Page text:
testing."

   About 60% of American adults have been fully vaccinated. Biden missed his 
goal of having 70% of adults get at least one shot by July 4. The latest figure 
is 69.3%.

   Federal workers and contractor employees are dispersed throughout the 
nation, including many in states where vaccine skepticism runs high. New York 
University public service professor Paul Light suggested the new guidance from 
the Biden administration could help boost vaccination rates in states where 
there's been significant resistance.

   "You can't throw a stick without hitting a fed in many parts of the 
country," he said.

   Light noted that the government's influence goes well beyond the people it 
directly employs. Federal contractors and grant recipients will have to weigh 
how they'll adjust to vaccination requirements from Washington.

   "If the federal government were to say that everybody who works for the 
government directly or indirectly must be vaccinated, that's a massive 
footprint," Light said.

   He estimated that the federal government directly employs 2.2 million 
full-time civil servants, plus 1.4 million active-duty military personnel and 
about 500,000 workers in the U.S. Postal Service. Private contractor employees 
working on federal jobs number about 5 million, and there are 1.8 million other 
people employed under federal grants.

   While the administration hopes the new guidance will boost vaccination 
rates, having Biden wade squarely into the middle of the ongoing political 
debate surrounding vaccines could backfire if it further fuels GOP criticism 
and distrust of the vaccine among the president's detractors.

   The AP-NORC poll found that views on vaccinations divide sharply along party 
lines, with Republicans far more likely than Democrats to say they have not 
been vaccinated and definitely or probably won't be, 43% to 10%.

   Indeed, South Carolina GOP Rep. Ralph Norman, who has resisted the new mask 
requirements on Capitol Hill, hinted at the fight to come over the new 
guidelines.

   "To require individuals to provide proof of vaccination would be a massive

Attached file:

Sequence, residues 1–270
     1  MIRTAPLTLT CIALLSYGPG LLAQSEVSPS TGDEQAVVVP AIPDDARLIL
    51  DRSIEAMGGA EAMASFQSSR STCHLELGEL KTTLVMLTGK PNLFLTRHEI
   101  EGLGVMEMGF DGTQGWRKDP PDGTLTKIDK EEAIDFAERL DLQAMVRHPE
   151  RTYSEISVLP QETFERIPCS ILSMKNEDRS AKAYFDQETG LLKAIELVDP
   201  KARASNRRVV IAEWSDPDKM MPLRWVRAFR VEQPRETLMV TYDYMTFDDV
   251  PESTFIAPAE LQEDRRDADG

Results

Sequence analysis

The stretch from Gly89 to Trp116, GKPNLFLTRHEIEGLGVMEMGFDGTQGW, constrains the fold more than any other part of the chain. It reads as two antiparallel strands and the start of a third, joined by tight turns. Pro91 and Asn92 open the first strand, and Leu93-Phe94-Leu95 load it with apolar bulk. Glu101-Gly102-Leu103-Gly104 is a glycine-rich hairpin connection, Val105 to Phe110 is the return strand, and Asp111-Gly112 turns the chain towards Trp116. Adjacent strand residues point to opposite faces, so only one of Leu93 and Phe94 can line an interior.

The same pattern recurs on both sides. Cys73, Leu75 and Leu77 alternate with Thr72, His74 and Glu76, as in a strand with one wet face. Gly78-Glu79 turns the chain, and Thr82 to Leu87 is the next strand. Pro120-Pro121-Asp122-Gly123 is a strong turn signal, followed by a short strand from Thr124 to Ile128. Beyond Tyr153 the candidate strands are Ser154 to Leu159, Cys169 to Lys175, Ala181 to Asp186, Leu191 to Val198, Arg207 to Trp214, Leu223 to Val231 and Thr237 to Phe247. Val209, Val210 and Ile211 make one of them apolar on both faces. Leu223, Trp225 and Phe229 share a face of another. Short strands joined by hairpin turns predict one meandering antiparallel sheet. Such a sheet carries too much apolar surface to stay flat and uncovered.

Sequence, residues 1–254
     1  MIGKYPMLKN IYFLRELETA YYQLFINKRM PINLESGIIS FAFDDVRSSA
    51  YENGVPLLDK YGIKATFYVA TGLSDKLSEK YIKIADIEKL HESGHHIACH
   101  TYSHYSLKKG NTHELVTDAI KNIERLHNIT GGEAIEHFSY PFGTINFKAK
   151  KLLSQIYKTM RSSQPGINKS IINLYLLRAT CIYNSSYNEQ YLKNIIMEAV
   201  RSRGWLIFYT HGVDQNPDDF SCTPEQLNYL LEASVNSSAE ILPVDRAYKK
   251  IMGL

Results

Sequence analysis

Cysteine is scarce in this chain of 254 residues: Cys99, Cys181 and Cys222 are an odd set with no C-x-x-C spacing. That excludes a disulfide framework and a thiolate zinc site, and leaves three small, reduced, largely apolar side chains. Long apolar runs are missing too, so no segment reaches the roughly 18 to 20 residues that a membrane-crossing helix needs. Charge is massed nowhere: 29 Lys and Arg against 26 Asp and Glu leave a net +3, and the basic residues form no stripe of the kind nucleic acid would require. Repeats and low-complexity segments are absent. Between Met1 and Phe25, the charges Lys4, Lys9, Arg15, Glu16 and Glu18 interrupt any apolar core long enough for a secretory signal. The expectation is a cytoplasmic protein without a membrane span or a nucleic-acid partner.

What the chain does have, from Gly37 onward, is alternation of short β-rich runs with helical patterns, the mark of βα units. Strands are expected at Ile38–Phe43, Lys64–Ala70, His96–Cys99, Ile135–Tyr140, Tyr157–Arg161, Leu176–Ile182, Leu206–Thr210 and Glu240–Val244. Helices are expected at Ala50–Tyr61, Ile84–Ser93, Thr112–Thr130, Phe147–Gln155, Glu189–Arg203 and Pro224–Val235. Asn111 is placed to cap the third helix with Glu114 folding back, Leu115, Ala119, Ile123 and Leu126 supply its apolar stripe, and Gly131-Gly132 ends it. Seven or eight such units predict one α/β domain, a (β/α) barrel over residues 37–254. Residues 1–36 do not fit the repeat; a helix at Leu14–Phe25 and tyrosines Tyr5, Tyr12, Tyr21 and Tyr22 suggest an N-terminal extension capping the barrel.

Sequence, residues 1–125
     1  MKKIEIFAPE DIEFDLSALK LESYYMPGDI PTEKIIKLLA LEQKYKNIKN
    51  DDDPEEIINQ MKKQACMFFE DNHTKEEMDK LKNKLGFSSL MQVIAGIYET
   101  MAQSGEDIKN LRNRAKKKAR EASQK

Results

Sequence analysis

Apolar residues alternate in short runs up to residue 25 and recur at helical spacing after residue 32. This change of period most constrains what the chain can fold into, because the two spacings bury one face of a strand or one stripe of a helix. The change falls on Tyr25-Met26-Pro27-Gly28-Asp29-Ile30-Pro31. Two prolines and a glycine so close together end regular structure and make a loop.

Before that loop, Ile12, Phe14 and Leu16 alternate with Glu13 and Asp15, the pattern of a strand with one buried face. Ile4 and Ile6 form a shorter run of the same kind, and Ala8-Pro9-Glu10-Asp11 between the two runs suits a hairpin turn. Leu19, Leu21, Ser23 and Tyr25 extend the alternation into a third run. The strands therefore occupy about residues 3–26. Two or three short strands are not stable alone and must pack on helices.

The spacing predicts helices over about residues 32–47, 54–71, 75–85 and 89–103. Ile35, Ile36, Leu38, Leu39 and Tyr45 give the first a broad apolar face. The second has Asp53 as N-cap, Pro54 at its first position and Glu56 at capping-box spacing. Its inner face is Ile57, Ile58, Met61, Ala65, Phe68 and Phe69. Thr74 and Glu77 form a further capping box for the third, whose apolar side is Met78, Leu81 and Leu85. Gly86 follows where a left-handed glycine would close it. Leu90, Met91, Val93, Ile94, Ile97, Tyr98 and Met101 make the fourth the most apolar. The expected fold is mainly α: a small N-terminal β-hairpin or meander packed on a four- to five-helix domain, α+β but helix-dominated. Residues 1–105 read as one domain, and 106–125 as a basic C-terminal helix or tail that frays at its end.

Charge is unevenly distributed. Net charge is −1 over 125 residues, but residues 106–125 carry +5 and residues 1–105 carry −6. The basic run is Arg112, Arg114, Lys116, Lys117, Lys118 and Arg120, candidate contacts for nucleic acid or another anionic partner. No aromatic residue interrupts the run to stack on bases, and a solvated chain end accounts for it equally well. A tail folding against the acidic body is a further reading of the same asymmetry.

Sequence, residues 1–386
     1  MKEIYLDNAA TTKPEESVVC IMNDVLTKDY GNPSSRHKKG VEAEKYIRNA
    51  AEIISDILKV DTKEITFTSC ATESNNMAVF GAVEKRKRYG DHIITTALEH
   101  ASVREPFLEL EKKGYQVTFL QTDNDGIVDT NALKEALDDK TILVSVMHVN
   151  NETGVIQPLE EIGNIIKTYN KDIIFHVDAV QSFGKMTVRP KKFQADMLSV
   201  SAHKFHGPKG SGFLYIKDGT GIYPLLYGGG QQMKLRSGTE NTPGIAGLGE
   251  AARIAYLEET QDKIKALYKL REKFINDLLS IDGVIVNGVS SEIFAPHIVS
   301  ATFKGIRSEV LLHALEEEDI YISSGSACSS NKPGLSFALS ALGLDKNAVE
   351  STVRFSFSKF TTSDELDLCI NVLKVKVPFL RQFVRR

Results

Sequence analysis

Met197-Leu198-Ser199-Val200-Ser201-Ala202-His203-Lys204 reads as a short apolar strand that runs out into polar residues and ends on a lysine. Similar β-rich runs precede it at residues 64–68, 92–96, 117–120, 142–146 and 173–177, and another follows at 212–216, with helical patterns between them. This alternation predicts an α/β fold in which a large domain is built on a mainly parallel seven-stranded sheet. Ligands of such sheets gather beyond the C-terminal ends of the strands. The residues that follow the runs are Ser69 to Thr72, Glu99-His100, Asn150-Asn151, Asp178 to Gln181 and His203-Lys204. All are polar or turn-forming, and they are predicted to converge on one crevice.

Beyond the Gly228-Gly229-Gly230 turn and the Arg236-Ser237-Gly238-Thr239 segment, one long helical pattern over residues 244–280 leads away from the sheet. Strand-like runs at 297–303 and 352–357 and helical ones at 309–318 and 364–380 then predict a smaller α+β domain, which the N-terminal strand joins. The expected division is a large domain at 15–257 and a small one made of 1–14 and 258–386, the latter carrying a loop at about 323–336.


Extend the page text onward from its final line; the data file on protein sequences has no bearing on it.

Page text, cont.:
intrusion on the doctor-patient relationship and the privacy of the 
individual," he said in a statement.

   The Biden administration may also have to grapple with legal challenges to 
the latest guidelines.

   The federal workplace is governed by layers of rules and regulations, so 
private employers as well as state and local governments will be looking at the 
White House vaccination policy to signal how far they can go without triggering 
resistance from employees or even lawsuits.

   But while the Justice Department and the federal Equal Employment 
Opportunity Commission have both said no federal laws prevent businesses from 
requiring vaccinations as a condition of employment, litigation is certain to 
follow workplace mandates, said Sharon Perley Masling, an employment lawyer who 
leads the COVID-19 task force at Morgan Lewis.

   "It's a really challenging issue for employers," Masling said. "We have seen 
employers explore a whole range of options, from encouraging vaccinations, to 
incentivizing vaccinations, to mandating vaccinations for new hires, or for 
everyone."

   Among examples from major companies, Delta Air Lines and United Airlines are 
requiring new employees to show proof of vaccination. Goldman Sachs is 
requiring its employees to disclose their vaccination status but is not 
mandating they be vaccinated.

   If an employer does set a hard requirement, employees can ask for an 
exemption for medical or religious reasons under federal civil rights laws.

   According to EEOC rules, the employer must provide "reasonable accommodation 
that does not pose an undue hardship on the operation of the employer's 
business." Some accommodations could include masking up at work, social 
distancing, working a modified shift, regular COVID-19 testing or the option to 
work remotely, or even offering a reassignment.